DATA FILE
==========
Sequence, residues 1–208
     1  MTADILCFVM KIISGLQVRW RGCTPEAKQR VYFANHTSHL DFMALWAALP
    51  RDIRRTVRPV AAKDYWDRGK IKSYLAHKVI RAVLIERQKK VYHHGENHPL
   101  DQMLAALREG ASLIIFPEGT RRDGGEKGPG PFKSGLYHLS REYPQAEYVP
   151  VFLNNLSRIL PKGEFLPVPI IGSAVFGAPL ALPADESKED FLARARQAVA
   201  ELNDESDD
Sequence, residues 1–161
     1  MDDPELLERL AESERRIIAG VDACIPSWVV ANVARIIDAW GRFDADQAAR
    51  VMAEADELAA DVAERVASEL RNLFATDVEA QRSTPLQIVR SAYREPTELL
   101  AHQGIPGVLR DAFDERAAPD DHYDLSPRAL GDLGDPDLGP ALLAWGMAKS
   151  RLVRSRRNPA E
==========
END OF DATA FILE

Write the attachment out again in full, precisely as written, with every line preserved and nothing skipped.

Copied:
Sequence, residues 1–208
     1  MTADILCFVM KIISGLQVRW RGCTPEAKQR VYFANHTSHL DFMALWAALP
    51  RDIRRTVRPV AAKDYWDRGK IKSYLAHKVI RAVLIERQKK VYHHGENHPL
   101  DQMLAALREG ASLIIFPEGT RRDGGEKGPG PFKSGLYHLS REYPQAEYVP
   151  VFLNNLSRIL PKGEFLPVPI IGSAVFGAPL ALPADESKED FLARARQAVA
   201  ELNDESDD
Sequence, residues 1–161
     1  MDDPELLERL AESERRIIAG VDACIPSWVV ANVARIIDAW GRFDADQAAR
    51  VMAEADELAA DVAERVASEL RNLFATDVEA QRSTPLQIVR SAYREPTELL
   101  AHQGIPGVLR DAFDERAAPD DHYDLSPRAL GDLGDPDLGP ALLAWGMAKS
   151  RLVRSRRNPA E